Carrie doesn’t care about The Bible, but she thinks I’m going to Hell. I imagine she read that in the stars, or else she got it from something I told her. For instance, I told her that sometimes when I sleep with men, I like to spit in their mouths, and after some quiet she gravely informed me that I was disgusting. Her and I, we were made to receive. I said thinking like that makes me want to put my head in the oven and she said that probably means I wasn’t meant for this planet and there is some truth to that but I have been dealt my hand. It’s a Tuesday and we are playing Go Fish. It’s getting mean somehow; that’s why I told her about the spitting. That didn’t go as planned, and we have five hours left together, so we put down the fish, and I recheck the grammar on her website.

Back before we knew each other, we both tried school far away. My school was better, and I lasted longer, so now I check her spelling and write the emails, when that is what is asked of us. They usually go something like this:

“Thank you so much for reaching out! You are delusional. We will never do an order like this. No one will. I know you are someone’s personal assistant, but you have no more access to God than he rest of us. Have a beautiful day.”

And for a moment, I feel so dense and fiery, like a woman who owns a vest. I do own a vest. I’m sheriff of customers, enforcer of all boot-based policy. I wished someone had walked in during that window, witnessed and made real the long strides and present tense verbs, the apologies clipped at the wings. Then the moment is ash. I remember that I am no one’s personal assistant and I am having cornflakes for dinner and I didn’t dream up anything today. I tell this to Carrie and she says the personal assistants are also having cornflakes for dinner, but because it’s fashionable. I think I am beautiful, but there’s really no way of telling if I’m fashionable.

“So are you doing anything right now?” 

“I was going to see if the plumber is available.”

“Sammy, you know he’s not.”

“But he said to call tomorrow.”

“He’s not coming. I’ll just call my brother.”


(a few beats)

“So then you’re not doing anything.”

“I guess not.”

“Ok can you read this.”

This is not a request.

I move through the item descriptions mechanically, and compliment her imagination when it seems appropriate or far too silent. Her website is neon in every way, but surprisingly chic considering her lack of recent rave experience. For her target audience, the copy is perfect. I find the adjectives nauseating, but this doesn’t bother me today because I’m still thinking about our card game. I’m thinking about fishhooks and numbers and being plucked out somewhere you can breathe.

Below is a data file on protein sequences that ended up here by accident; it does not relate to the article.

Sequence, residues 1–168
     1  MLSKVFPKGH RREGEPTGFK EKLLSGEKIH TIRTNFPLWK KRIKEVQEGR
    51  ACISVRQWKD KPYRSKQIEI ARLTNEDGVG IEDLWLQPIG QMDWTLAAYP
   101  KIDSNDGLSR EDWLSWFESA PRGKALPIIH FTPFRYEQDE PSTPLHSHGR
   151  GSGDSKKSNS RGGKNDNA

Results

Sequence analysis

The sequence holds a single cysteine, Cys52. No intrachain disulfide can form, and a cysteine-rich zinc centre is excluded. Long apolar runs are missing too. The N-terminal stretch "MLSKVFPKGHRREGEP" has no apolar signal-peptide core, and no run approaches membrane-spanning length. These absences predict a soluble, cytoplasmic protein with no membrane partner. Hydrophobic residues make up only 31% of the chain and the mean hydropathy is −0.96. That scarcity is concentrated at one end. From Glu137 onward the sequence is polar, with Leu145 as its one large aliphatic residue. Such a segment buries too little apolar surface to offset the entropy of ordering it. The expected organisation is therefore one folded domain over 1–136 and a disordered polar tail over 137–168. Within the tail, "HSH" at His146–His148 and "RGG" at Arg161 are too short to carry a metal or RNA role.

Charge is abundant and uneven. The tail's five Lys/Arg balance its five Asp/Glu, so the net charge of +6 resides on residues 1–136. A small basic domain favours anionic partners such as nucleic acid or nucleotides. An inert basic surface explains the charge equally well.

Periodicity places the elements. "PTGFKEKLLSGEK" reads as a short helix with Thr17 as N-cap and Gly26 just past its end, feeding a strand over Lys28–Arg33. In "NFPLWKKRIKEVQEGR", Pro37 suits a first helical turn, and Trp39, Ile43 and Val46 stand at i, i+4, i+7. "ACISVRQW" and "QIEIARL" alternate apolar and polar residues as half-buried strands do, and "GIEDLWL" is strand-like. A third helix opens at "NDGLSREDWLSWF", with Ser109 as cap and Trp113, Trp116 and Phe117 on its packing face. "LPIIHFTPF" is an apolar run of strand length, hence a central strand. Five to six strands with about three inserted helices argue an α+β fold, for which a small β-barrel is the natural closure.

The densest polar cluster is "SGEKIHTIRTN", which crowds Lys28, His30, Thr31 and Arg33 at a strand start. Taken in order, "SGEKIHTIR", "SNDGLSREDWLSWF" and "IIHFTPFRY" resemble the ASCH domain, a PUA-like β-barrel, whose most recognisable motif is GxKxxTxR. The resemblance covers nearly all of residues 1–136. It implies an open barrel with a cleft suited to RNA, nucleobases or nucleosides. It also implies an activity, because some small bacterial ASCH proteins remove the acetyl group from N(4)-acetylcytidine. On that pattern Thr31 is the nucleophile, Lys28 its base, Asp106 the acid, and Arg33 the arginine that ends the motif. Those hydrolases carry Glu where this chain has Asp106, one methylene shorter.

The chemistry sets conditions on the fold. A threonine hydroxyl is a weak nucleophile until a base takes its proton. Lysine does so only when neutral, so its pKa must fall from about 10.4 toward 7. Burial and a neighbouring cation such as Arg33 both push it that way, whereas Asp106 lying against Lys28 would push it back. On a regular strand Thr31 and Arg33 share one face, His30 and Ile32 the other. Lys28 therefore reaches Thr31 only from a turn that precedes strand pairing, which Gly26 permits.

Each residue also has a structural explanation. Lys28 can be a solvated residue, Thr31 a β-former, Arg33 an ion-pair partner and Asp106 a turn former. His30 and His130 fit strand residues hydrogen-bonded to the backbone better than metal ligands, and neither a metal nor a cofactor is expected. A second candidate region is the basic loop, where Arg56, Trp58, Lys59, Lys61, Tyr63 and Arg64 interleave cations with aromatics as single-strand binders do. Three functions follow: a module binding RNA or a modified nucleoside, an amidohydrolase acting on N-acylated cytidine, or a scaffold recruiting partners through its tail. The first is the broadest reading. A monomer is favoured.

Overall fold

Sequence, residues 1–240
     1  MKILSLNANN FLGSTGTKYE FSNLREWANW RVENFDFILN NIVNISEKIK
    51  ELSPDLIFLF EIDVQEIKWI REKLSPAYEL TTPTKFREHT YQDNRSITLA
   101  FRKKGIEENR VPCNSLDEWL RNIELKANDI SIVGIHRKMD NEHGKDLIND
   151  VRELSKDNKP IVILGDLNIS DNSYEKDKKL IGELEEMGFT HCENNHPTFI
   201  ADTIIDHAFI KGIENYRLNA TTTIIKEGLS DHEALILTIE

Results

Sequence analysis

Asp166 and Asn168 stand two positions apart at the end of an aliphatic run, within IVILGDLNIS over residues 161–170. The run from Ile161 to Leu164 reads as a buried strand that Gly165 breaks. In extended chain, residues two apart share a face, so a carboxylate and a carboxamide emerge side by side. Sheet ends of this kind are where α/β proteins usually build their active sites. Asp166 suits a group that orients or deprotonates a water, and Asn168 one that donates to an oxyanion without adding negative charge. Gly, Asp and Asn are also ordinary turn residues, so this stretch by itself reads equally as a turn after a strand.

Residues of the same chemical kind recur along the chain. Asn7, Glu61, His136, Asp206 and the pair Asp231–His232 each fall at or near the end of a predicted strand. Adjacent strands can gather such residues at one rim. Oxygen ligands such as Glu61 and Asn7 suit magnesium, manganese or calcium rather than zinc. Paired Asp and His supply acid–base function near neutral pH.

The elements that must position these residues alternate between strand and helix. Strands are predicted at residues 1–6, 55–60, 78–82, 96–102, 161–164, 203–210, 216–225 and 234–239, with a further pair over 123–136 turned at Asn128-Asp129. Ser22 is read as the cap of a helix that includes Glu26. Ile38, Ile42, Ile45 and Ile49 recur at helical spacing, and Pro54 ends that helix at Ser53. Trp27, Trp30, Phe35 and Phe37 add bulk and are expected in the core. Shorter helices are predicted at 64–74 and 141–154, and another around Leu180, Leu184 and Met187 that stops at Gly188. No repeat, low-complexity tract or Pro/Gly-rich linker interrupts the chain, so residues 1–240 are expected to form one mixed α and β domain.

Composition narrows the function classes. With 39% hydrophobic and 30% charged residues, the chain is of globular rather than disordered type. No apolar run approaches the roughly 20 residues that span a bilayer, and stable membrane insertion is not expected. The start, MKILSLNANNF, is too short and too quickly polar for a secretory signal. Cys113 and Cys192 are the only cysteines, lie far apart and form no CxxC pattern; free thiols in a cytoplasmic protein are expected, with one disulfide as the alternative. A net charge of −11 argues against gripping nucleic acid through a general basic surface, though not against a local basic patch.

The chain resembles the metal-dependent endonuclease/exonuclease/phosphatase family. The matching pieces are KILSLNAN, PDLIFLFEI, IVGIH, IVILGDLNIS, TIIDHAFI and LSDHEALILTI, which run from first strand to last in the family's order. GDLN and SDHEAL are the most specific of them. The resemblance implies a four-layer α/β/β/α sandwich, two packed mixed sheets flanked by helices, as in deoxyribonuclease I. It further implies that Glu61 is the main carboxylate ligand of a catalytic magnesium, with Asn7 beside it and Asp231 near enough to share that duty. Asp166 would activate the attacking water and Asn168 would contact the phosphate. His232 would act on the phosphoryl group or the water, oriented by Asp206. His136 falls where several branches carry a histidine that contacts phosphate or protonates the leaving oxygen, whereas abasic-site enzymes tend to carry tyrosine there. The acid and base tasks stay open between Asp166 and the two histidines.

If I’ve counted correctly, Carrie’s gotten rid of two kids. I know who the fathers are, and that they were both relieved and satisfied with how quietly she’d taken care of it. The first father is Jeremy. He is from somewhere, but is now in Northern Florida. When he gets a new phone number, he texts her so, so violently, caps locked and punctuation loaded. Sometimes I’m worried he is going to show up like he says he will and do what he says he wants to do and I’m so afraid that she wouldn’t be angry, just tired, tired as she’s always been, gum on the bottom of the calendar’s shoe, roadkill flattened across tires, being pulled into the new day in little pieces. I’m worried she wouldn’t say anything about it at all.

Then there’s the other side of it - what about him, after he makes good on things? After he’s emptied himself out? Is a man still a man if he gets everything he wants? I’ve seen no evidence, but Carrie would probably say yes.

The second kid happened this past July; it was her husband’s. He says he is a magician. He owns magician’s things. He’s the only man who ever won her a teddy bear at the touring carnival, so now they have decades together. There was a week of deep quiet I can attribute to the baby in retrospect. In the thick of it, I knew nothing, and I was paralyzed. I thought she might never speak to me again, that I would walk around sweeping up the thread she left behind until we didn’t work together anymore. After eight days, she had a day off and when she came back she said she had new coffee that morning. Everything went back to what it was, something resembling conversation but with more breathing room. It was work. She came in late. She laughed at my jokes. She bought expensive candles from the shop a half mile down the road and I agreed, this time they really would help. She wore her thong. She bent over so people could see it. She made the most beautiful boots I’d ever seen. She barely looked while people fawned over them. She told me God wanted me to fail my driver’s test. She told me she hated me. She told me to kill the spiders. She told me every life is precious, and I believed her, the way I’ve never believed in anything else in my whole life.

Sammy Biglin is honored to be invited and would be delighted to attend. Please let her know if she can bring anything. She’ll be by as soon as she gets off work.